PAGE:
What is the best way to handle imperative elements (canvas, webgl, etc) in ocaml-vdom?
I can create a canvas element with
Vdom.elt in my
view function, but that’s a bit useless as I can’t figure out a sane way to get the context and draw to it.
Other virtual dom implementations have a hooks mechanism, or similar, that allow executing a function on the dom element after vdom->dom transition, but ocaml-vdom doesn’t seem to have this. I believe the Custom.t element is probably the intended way to handle this, but I can’t figure out how to use it. Where does the
Js_browser.Element.t come from in
Custom elements should be used. You need to extend
Vdom.Custom.t with a constructor holding the internal state of the imperative component, and then create a
Vdom_blit.Custom.handler that detects this constructor and produce a
Vdom_blit.Custom.t object. To do so, the handler needs to create the DOM element (such as a canvas, using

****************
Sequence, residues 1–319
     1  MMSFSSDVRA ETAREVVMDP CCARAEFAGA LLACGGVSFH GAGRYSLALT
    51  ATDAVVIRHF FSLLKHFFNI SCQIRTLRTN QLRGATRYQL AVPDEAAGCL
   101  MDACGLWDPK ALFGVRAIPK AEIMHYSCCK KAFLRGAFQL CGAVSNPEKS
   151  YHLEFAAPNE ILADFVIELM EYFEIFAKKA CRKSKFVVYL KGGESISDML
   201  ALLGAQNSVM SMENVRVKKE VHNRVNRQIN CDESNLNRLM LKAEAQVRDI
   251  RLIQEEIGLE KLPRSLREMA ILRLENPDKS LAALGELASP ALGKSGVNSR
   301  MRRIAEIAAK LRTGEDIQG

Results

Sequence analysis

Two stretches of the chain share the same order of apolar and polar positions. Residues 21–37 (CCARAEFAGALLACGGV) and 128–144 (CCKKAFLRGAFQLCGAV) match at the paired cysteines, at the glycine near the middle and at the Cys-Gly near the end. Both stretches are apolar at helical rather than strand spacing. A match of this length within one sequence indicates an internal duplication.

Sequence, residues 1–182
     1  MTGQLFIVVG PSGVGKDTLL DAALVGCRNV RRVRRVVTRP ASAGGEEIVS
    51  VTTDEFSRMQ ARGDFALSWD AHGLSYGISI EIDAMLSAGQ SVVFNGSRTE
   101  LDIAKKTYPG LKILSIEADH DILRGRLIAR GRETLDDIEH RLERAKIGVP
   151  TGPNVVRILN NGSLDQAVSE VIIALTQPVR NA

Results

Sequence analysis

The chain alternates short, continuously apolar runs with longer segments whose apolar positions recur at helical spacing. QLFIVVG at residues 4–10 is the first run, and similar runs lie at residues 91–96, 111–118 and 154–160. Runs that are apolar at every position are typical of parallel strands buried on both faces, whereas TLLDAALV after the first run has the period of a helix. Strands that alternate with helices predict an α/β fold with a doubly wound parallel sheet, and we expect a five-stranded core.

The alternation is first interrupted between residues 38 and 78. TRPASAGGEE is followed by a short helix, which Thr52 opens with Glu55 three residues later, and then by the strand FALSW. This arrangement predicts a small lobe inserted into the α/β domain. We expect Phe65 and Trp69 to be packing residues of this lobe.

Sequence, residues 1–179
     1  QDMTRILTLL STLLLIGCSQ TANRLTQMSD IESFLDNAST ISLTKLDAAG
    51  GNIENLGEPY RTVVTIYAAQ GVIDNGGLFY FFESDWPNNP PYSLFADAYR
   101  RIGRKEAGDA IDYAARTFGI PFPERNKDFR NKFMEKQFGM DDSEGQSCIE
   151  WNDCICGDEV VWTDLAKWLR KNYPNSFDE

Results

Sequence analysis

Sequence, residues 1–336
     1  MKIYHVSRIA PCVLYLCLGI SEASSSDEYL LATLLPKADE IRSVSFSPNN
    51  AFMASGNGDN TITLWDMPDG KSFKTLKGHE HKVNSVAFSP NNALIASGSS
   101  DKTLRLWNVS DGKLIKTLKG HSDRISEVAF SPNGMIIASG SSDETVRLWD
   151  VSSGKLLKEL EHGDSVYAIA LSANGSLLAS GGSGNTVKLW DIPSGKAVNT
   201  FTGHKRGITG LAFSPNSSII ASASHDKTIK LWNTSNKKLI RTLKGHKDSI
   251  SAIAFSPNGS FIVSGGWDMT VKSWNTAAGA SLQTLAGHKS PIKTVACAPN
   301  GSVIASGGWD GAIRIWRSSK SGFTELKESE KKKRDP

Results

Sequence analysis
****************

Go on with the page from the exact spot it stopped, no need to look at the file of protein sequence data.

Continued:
Js_browser) and pass it to
Vdom_blit.Custom.make, together with a
sync function. The handler can directly “talk” to the DOM element since it created it (in particular, it can use arguments of the
Vdom.Custom.t constructor to initialize, e.g. draw an initial shape to the canvas). And the
sync function is then in charge of talking again to the same DOM element (captured in its closure) to apply later changes to the state (stored in the constructor).
Does that make sense? If not, can you give a concrete example of a small application “workflow” that you would like to implement?
Thanks, I think I get it now. This is what I came up with as a simple trial:
type Custom.t += Canvas of string
let canvas_handler _ctx c =
match c with
| Canvas _ ->
let e = Document.create_element document "canvas" in
let sync = function
| Canvas color ->
begin match Canvas.get_context e with
| Some context ->
Canvas.set_fill_style context (`Color color);
Canvas.fill_rect context 0. 0. 100. 100.;
| None -> false
| _ -> false
ignore (sync c);
Some (Vdom_blit.Custom.make ~sync e)
| _ -> None
let canvas ?key ?a color = custom ?key ?a (Canvas color)
let () = Vdom_blit.(register (custom canvas_handler))
That’s about right. One thing: for performance reasons, you should keep track of the current color, and only send instructions to Canvas when it changes. Basically, for a Custom element, you need to implement the state diffing/DOM patching logic yourself.